6. When the Mac reboots, launch Linotype FontExplorer again. This time, click Clean application font caches… in the Tools menu.
7. The next window lists Adobe’s, Quark’s and Microsoft’s font caches, and they’re clicked by default. Click the Clean… button.
NOTE: If you don’t happen to have any Adobe, Quark, or Microsoft products installed on your Mac, those selections will appear grayed out in the window.
8. You’ll see the window asking for your password. Enter the password and click the OK button.
9. The application font caches are deleted and you’ll see this confirmation window.
10. Last step. Just click the OK button in the box that says the font caches have been successfully removed. Now launch your programs and see if the fonts look as they should.
Thursday, October 13th, 2011
If you use FontBook (the font manager that comes with Mac OS X), Extensis Suitcase, or other font manager software that doesn’t have built-in font cache cleaning, you can still clean your font caches with Font Finagler. Font Finagler is shareware, available at:
Here are the steps for cleaning font caches with Font Finagler.
1. Launch Font Finagler.
NOTE: If you’re running Mac OS X 10.5 or later, an alert box appears over the application’s window reminding you that if you’ve deactivated fonts with FontBook (the built-in font manager in Mac OS X), cleaning the caches with FontFinagler reactivates those fonts. You can just click the OK button to make the alert box go away.
2. In the window, make sure that All font cache files is selected (that way you’ll clean all the font caches on your computer in one step). Then click the Inspect Font Cache Files button.
3. In a moment the window lists all the font cache files. Click the Clean Font Cache Files button.
4. You’ll see the window asking for your password. Enter the password and click the OK button.
5. You’ll see a warning that the machine must be restarted after cleaning the font cache files. Click the OK button. Your Mac will restart. Once it gets back to the desktop, launch your programs and make sure the fonts look correct.
Thursday, October 13th, 2011
People have reported getting an error message when clicking on the Type tool in PhotoShop. The error message says, “Could not complete your request because of a program error.”
The Adobe installer for Photoshop or any Creative Suite installs a large number of Adobe Open Type fonts in /Library/Fonts. Because all those fonts are in one of the Mac OS X Fonts folders, they’re active all the time. People who use font management software like FontExplorer or Suitcase usually prefer to clear those fonts from the Mac OS X Fonts folder and import them into their font management program instead. That way they can activate those fonts when needed, and avoid having them clog the Fonts menu at other times.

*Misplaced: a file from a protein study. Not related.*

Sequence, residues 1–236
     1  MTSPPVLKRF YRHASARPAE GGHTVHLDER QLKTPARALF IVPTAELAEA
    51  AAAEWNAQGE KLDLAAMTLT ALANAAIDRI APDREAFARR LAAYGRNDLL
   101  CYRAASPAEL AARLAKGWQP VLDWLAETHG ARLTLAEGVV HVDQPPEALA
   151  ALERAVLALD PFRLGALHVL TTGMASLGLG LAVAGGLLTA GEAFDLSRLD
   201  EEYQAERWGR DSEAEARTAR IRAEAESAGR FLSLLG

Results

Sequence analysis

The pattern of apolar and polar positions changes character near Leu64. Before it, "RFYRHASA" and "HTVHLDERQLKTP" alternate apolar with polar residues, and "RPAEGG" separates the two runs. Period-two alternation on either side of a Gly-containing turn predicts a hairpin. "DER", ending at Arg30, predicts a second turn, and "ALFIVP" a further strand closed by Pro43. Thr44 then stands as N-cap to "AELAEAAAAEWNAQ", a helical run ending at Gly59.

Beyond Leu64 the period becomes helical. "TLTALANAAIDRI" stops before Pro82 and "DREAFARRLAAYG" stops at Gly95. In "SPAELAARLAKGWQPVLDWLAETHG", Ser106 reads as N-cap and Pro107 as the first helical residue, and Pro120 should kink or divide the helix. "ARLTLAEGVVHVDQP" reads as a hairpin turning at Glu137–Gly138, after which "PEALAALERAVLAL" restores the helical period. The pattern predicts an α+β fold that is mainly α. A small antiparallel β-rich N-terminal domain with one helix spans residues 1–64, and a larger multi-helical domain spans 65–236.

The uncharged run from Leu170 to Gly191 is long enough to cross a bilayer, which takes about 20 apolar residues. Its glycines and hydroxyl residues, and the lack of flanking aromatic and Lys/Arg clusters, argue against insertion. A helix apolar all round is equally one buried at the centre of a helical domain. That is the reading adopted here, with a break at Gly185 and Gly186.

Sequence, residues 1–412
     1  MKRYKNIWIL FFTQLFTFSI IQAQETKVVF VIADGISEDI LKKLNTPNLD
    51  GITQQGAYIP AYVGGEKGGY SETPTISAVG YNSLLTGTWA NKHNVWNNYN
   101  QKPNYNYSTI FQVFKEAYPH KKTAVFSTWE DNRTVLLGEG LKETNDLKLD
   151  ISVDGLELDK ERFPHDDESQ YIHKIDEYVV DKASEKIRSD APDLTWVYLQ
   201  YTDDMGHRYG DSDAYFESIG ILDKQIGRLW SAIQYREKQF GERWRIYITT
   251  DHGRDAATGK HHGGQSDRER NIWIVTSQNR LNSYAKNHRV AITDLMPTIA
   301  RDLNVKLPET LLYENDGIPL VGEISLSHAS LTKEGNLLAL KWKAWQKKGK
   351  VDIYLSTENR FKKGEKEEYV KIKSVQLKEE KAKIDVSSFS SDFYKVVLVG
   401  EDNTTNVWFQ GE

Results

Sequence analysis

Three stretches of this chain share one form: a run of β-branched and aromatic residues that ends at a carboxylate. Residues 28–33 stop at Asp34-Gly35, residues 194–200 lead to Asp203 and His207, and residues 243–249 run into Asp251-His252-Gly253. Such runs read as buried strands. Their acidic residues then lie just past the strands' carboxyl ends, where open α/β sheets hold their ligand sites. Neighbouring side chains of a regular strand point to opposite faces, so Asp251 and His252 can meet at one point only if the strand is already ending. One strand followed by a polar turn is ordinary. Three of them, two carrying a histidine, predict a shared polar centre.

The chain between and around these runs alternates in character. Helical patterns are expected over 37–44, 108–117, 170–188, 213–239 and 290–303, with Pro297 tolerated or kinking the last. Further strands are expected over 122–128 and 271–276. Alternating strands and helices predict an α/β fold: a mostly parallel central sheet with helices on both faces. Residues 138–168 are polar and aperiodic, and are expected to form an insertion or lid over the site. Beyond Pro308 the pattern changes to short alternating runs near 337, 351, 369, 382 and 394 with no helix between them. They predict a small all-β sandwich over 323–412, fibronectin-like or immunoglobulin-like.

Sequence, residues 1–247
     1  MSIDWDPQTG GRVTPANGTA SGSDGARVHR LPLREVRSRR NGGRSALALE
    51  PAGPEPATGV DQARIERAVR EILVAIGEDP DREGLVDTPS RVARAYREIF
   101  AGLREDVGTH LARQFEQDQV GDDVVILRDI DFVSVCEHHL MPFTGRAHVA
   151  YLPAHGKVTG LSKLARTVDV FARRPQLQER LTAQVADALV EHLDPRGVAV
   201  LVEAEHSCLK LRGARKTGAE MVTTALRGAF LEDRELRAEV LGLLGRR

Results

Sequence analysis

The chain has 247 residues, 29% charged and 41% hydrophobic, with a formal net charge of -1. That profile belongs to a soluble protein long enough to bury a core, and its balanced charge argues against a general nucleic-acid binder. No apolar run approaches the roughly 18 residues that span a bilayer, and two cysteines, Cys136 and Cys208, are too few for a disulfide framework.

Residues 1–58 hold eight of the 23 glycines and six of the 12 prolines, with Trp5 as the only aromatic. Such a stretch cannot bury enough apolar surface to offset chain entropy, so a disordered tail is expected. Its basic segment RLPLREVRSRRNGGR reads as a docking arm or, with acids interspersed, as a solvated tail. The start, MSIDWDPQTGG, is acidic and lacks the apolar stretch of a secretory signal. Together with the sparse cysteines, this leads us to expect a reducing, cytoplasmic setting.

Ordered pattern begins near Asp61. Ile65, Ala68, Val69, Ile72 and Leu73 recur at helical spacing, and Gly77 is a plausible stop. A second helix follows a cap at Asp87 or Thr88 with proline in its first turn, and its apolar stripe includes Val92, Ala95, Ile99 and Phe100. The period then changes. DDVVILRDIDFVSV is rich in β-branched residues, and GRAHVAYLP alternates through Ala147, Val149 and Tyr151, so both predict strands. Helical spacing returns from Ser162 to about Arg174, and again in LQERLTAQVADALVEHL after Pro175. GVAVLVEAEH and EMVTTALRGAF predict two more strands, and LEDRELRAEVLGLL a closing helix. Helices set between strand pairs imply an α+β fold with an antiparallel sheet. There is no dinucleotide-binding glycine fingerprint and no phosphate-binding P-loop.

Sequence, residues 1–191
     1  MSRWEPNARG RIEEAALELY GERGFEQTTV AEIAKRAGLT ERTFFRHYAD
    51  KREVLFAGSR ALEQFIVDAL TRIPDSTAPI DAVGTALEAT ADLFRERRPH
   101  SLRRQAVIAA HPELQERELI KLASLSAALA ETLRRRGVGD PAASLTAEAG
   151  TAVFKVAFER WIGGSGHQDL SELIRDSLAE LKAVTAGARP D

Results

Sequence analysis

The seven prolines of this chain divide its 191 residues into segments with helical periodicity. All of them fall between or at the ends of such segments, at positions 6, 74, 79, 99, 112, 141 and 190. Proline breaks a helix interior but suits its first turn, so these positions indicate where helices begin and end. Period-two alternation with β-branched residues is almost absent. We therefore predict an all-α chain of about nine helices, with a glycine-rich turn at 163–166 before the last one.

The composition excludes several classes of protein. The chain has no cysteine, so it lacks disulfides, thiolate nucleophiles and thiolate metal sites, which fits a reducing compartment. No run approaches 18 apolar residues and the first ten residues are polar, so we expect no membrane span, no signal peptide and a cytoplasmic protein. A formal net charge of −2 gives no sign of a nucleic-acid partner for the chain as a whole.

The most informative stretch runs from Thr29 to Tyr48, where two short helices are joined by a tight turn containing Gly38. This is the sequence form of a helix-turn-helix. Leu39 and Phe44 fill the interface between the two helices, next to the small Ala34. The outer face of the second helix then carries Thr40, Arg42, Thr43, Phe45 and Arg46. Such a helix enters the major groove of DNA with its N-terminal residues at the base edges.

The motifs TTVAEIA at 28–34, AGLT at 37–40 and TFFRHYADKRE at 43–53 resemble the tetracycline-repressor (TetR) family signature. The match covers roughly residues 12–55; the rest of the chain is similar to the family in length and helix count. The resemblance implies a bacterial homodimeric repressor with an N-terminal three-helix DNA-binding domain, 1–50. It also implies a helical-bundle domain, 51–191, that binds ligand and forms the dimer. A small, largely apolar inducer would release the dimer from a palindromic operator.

Photoshop has certain required fonts without which the Type tool won’t work. Adobe knowledge base article 84363 deals with troubleshooting font issues in PhotoShop CS5, and it lists Photoshop’s required fonts. They are:
Required Fonts in Photoshop CS5
As long as those fonts are made active in your font management software or are in one of the Mac OS X Fonts folders, the Type tool should work.
Thursday, October 13th, 2011
Macs have been relatively free of viruses, worms, trojans, and spyware, but they have been affected by phishing scripts. As Macs have become ever more popular, we’ve seen a slow rise in the amount of malware. Apple has been good at releasing updates that defeat other kinds of malware, so the phishing script is the primary kind of malware we see.
If you notice that your Mac is slower than usual, or you begin receiving lots of email bounce messages saying that messages know you never sent couldn’t be delivered, you should suspect that you might have a phishing script on your computer.
What is a phishing script?
Phishing scripts run in the background, without your knowledge, sending out thousands of legitimate-looking email message that appear to come from banks, auction sites like eBay or Amazon, payment processing companies like PayPal, social web sites, shipping companies, and web or email hosting companies.
The goal of a phishing message is identify theft. The messages tries to fool the recipient into clicking a link in the message, which takes them to a web site where they can “take care of” whatever the message was about. Of course the site requires that they enter personal information (for security purposes, of course…) like account numbers, credit card numbers, pin numbers, names, dates, and social security numbers. It all looks very legitimate, except that the site is a fake…the goal is to get you to enter the information so that they can use it to steal your identity, sell your credit card info, drain your bank account, or make purchases using your info.
We haven’t seen a phishing script that does any damage to a Mac or its files, but an infected Mac may be slower than normal because it’s splitting its attention between the work that you’re doing and sending out the phishing messages.